Gearing up for a stronger response, humanitarians gather in southern Germany for WFP-led simulation
The large-scale, inter-agency event is renowned for its intensity and puts participants in rigorous and realistic emergency scenarios. It is designed to test their response capacity across two cornerstones of any humanitarian operation: logistics and telecommunications.
Following the 2017 and 2018 edition, participants went on to respond to a number of large-scale emergencies including the Cyclone Idai operation in Mozambique, Malawi and Zimbabwe.
“I was on one of the first planes to land in Beira after the cyclone made landfall. The similarities between those first days in Beira and the gear.UP exercise were uncanny, like a mirror-image, but this time it wasn’t a drill, it was reality. There was no electricity, no communications, and extensive damage to logistics infrastructure” said Patrick McKay an Information and Communication Technology Officer for WFP.
“Gear.UP’s biggest strength is how real it is. It’s high-pressure, and it’s non-stop, but when things got hard, each and every person in my team collaborated, picking up tasks outside their expertise, and pulling together to get the job done. And this is also the reality of an emergency response,” said Julie Vander Weil who deployed as Logistics Sector Coordinator in Malawi following Cyclone Idai.
Collaboration is a core focus of the exercise and is critical to reach impacted communities faster during emergencies.
“Beyond our technical capacity, we often overlook the soft skills required to cope with the physical and mental demands in complex humanitarian emergencies. Gear.UP allows our colleagues from both clusters to not only use their technical know-how but more importantly work side-by-side in a live scenario, learning to coordinate and look out for one another. And that is key to strong, effective collaborations in future crises,” said Enrica Porcari, Chair of the ETC, CIO and Director of WFP Technology Division.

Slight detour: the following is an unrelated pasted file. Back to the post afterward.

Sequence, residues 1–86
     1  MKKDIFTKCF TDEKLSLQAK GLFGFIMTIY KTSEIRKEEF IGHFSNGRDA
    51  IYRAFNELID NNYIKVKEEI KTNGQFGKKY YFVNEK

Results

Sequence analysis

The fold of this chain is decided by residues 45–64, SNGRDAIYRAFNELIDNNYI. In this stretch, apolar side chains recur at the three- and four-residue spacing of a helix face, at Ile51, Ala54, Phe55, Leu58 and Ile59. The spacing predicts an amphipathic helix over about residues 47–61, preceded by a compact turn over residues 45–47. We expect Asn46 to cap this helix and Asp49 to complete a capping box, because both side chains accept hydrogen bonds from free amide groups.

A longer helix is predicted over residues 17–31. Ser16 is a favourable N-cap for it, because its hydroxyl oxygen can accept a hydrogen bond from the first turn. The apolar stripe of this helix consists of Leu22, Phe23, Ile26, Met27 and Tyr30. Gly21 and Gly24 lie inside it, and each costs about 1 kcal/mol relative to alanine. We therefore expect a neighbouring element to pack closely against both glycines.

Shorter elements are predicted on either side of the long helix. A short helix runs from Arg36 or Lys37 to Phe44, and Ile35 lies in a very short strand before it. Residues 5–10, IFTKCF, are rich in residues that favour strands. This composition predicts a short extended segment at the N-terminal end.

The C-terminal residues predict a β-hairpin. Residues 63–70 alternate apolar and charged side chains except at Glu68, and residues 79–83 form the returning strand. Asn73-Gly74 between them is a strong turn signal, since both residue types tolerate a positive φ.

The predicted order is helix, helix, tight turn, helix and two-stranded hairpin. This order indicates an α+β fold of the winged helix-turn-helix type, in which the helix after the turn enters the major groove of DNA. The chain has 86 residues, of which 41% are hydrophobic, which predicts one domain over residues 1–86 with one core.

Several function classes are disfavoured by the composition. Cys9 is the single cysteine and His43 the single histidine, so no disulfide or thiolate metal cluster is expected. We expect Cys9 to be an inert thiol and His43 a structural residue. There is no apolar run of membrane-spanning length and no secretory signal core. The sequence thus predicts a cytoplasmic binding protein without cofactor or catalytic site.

The event is one of the largest-scale humanitarian simulations globally, and one of the most important preparedness events on the ETC and Logistics Cluster’s calendar.
“Humanitarian crises are becoming longer and more complex, and climate change is increasing the frequency and intensity of natural hazards. In every emergency response, logistics and telecommunications play a vital, life-saving function and the effectiveness is dependent on the hundreds of dedicated individuals driving humanitarian actions on the ground. Gear.UP provides an important opportunity to bring some of these responders together, enhancing their skills in a team-based environment,” said Jakob Kern, WFP Director of Supply Chain Operations.
This joint-cluster initiative is being hosted by THW (Bundesanstalt Technisches Hilfswerk), co-funded by the German Federal Foreign Office and the Government of Luxembourg and supported by Ericsson. The event is organised by the Logistics Cluster, ETC, Emergency.LU and THW.